In recent years firms like First Round Capital and Andreessen Horowitz have experimented with creating a “platform” of services for entrepreneurs that go beyond the traditional investor / board director relationship between VCs and startups.  For example FRC launched a founders equity exchange fund and various programmatic forms of knowledge sharing like list serves, CEO summits, conferences, etc.  The point isn’t that FRC was necessarily the first firm to do any one of these things, but rather they’ve had a willingness to experiment.

In eras gone by, VC firms experimented with other concepts which seem commonplace today.  Entrepreneurs in residence (EIRs) and in-house recruiters were a novel thing for most VC firms back in the 80s and 90s.  Even the notion of hatching / incubating a company was once unusual.  One of the earliest examples of this turned out pretty well when one of Kleiner Perkins’s young investment professionals (29yr old Bob Swanson) bugged a UCSF professor in the last ’70s about starting a company to develop medicines using recombinant DNA.  Genentech of course pioneered what we now know as the biotech industry and KP made >200x on their investment.

A willingness to experiment also means you’re prepared for the risks of failure or looking silly in the ecosystem.  Rightly or wrongly, Sequoia has received a lot of flak about their “scout” program recently.  But one has to respect their willingness to experiment in this fashion before other firms did the same.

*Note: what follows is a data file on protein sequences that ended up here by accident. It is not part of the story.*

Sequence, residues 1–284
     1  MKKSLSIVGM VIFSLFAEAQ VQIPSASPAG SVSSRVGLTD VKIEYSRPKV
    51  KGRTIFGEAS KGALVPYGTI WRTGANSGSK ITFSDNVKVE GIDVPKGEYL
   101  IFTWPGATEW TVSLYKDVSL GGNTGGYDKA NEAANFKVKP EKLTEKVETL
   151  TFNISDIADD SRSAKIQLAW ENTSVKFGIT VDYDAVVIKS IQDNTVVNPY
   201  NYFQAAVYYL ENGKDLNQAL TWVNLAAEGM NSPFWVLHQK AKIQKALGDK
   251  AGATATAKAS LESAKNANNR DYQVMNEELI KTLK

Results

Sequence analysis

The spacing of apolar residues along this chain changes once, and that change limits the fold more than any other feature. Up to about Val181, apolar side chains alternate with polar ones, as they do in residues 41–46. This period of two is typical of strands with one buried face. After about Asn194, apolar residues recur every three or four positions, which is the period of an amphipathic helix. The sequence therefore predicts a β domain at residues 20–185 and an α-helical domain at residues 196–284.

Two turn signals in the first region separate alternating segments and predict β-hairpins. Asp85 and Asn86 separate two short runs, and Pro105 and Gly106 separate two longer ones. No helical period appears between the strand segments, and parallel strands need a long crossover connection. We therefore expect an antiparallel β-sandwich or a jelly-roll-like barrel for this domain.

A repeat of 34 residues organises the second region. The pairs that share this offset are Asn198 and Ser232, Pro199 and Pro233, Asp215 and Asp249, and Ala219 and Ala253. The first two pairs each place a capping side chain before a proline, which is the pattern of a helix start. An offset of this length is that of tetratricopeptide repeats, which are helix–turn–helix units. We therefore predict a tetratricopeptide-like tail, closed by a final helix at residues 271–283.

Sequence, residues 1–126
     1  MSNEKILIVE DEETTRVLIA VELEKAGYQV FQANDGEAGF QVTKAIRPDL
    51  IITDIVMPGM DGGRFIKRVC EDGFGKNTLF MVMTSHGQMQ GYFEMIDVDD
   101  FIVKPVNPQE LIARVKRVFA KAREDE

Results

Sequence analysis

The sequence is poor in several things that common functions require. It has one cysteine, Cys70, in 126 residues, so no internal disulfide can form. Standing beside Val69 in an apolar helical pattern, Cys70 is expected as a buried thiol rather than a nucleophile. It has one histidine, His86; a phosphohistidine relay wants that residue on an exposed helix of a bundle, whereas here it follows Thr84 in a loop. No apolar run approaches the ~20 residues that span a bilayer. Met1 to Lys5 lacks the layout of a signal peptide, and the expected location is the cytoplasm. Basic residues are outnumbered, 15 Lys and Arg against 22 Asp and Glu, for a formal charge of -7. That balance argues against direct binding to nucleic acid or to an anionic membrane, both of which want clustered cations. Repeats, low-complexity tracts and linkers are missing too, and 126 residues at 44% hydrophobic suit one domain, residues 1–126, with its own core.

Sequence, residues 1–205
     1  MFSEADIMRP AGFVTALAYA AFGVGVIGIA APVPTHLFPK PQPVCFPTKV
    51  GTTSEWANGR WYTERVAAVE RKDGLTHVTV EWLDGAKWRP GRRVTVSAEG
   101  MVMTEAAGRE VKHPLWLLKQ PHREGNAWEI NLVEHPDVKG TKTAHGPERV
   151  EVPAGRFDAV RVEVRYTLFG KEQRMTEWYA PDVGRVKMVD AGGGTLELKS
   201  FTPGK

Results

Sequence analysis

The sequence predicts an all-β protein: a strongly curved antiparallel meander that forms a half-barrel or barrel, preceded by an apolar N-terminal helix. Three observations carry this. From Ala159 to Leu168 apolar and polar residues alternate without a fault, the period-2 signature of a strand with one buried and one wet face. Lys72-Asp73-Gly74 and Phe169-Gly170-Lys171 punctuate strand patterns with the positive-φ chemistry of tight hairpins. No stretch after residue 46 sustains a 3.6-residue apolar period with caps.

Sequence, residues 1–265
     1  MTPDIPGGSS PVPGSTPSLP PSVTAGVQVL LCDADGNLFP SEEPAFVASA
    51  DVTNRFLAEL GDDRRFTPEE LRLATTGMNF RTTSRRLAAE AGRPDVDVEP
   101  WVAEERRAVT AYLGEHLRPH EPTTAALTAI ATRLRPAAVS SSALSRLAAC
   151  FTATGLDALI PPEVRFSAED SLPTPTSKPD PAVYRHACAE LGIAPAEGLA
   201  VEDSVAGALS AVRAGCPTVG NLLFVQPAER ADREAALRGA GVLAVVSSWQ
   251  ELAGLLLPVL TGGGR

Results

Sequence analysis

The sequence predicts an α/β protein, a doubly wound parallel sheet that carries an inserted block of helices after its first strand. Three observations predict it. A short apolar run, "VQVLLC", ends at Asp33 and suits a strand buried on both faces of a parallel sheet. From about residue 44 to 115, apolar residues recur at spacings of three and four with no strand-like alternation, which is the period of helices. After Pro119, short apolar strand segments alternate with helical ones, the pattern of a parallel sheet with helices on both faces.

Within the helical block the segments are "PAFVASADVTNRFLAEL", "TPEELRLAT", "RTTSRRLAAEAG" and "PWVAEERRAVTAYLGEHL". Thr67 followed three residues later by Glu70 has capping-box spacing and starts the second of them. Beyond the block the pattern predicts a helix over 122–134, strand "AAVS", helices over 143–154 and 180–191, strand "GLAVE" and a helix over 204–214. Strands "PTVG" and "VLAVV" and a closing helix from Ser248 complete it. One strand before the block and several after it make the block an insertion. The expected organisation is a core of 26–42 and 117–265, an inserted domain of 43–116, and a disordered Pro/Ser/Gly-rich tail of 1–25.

3) Competitive Intensity – At both an individual partner and a firm level, great VCs find a way to retain an intense drive to win.  Winning in the sense of finding the most promising startups and earning the right to invest in them.  Winning in the sense of helping entrepreneurs they’ve backed build great companies.  That being said the venture business is a multi-turn game… good firms will often work with teams of entrepreneurs or certain co-investors multiple times over their history, so a healthy competitive desire is not the same thing as being a jerk just to “win” in a particular situation.  And internal competition within a partnership can be a double edged sword.

But when a firm or a meaningful group of a firm’s partners has lost that hunger and drive to win, day in and day out, their days of greatness are usually numbered no matter what their prior successes.  Keeping those competitive fires stoked requires a sustained commitment by the firm’s partners and also a fair yet honest reckoning when individual partners find their hunger is dulled whether by age, life changes, or interest in other pursuits.  In addition partnerships have to keep pushing their boundaries of risk tolerance since the natural tendency of any organization as it matures is towards risk aversion.